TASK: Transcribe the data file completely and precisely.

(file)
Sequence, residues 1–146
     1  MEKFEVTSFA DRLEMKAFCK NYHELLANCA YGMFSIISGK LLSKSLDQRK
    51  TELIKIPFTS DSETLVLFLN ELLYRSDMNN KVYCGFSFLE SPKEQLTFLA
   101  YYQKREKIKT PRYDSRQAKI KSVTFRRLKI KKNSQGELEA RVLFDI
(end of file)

Sequence, residues 1–146
     1  MEKFEVTSFA DRLEMKAFCK NYHELLANCA YGMFSIISGK LLSKSLDQRK
    51  TELIKIPFTS DSETLVLFLN ELLYRSDMNN KVYCGFSFLE SPKEQLTFLA
   101  YYQKREKIKT PRYDSRQAKI KSVTFRRLKI KKNSQGELEA RVLFDI